Transport planning neglects air pollution, study claims

Road accidents remain a priority in UK transport planning despite a higher death toll from illnesses linked to air pollution, a study which will be presented at the Royal Geographical Society (RGS) has found.

Bristol traffic UK pollution

There has been little improvement in UK air pollution caused by road transport in the last twenty years, the RGS has claimed

There has been little improvement in UK air pollution caused by road transport in the last twenty years, the study claims, pointing to a lack of “joined-up” action between the Department for Environment, Food and Rural Affairs (Defra) and the Department for Transport (DfT).

The researchers have called for air quality to be treated as a “public health priority.”

According to the study published today (30 August), road transport causes over 95% of air pollution in designated “Air Quality Management Areas” in the UK, and current estimates suggest that over 50,000 deaths a year can be linked to air pollution.

The research found that transport planners are “not taking the environmental impacts of transport choices sufficiently into account.”

Despite pollution contributing “between 15 and 30 times the annual number of deaths” caused by road traffic accidents between 2000-15, the study claims that “road traffic collisions remain the primary concern of transport planners,” and air pollution has “at best” been designated a “shared priority” between Defra and DfT.

‘General failure’

Professor Graham Pankhurst, who conducted the research with Dr Tim Chatterton, said: “Air pollution is perhaps the grossest manifestation of a general failure of UK transport planning to take the environmental impacts of transport choices sufficiently into account.

“Currently air pollution is a shared priority between Defra and DfT, but shared priority does not mean equal priority.

“Environmental managers only identify and monitor the problems. Insufficient relevant priority has been given within the sector responsible for most relevant emissions — transport policy and planning — which has instead prioritised safety and economic growth.”


Aside from a lack of joined-up government, the study also points to a problematic policy ‘tone’ that “continues to provide for the private car as central to national transport policy,” as well as a lack of regulatory and financial support for alternative modes of transport and for local authorities looking to introduce air improvement measures.

The report also identifies problems such as the over-reliance on policy measures to influence individual travel behaviour, and a lack of awareness of the problem among the wider population, which may not be familiar with for example the morbidity and mortality costs.

And, commenting on the misplaced belief that technological improvements would make a big difference, the study claims there has been a “failure to recognise that, given the existing vehicle fleet is replaced only slowly, reduced vehicle use is the only sure way to bring about changes in measured concentrations.”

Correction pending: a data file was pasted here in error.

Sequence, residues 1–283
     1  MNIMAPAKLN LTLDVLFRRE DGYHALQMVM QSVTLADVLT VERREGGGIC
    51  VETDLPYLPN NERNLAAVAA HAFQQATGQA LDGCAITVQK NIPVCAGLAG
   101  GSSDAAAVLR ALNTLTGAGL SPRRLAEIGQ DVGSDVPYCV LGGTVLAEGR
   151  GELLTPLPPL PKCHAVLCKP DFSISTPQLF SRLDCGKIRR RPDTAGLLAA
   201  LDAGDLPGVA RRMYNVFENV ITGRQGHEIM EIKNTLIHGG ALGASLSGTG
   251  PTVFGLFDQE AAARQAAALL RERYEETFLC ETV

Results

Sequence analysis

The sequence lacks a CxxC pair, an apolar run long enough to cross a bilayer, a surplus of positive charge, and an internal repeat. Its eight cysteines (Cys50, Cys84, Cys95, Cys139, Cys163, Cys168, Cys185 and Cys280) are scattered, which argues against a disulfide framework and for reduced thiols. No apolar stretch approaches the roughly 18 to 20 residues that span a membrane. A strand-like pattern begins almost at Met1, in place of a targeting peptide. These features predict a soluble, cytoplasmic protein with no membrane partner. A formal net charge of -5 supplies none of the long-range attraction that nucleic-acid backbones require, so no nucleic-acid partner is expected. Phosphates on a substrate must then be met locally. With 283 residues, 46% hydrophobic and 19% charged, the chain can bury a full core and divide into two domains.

A key recommendation offered by the review is for Defra and DfT to “look again at the relationship between environmental management and transport management at both the national and local levels.”

And in particular, transport agencies such as Highways England, and local authorities should be required to give higher priority to air quality management, including resource investment.

Dr Chatterton said: “Politicians at local and national levels must treat poor air quality as a public health priority, placing clear emphasis on the severity of the problem and the limitations of technological fixes. Existing approaches that focus on individual, voluntary, behaviour change and technological innovations are not sufficient to tackle poor air quality.”

He added: “The ‘nudge’ approach to behaviour change favoured by David Cameron’s governments will not be adequate to meet this challenge. Given recent events, we would like to see the government making a clear, strong effort to ‘take back control’ of the air pollution problem.”


In April this year, Defra and DfT set up a Joint Air Quality Unit (JAQU) to focus on delivering the UK’s national air quality plans to reduce levels of nitrogen dioxide (see story).

Commenting on the report, a government spokesperson said: “The government is firmly committed to improving the UK’s air quality and cutting harmful emissions. That’s why we have committed more than £2billion to greener transport schemes since 2011 and set out a national plan to tackle pollution in our towns and cities.

“We have some of the safest roads in the world and are committed to making sure that record continues.”


The report, titled ‘The Air Pollution-Transport Divide: Why After Two Decades of Statutory Obligations is Road Transport Derived Air Pollution Not Declining?’ will be presented on Wednesday (31 August) at the Royal Geographical Society Annual International Conference.

Related links

RGS Annual International Conference 2016 


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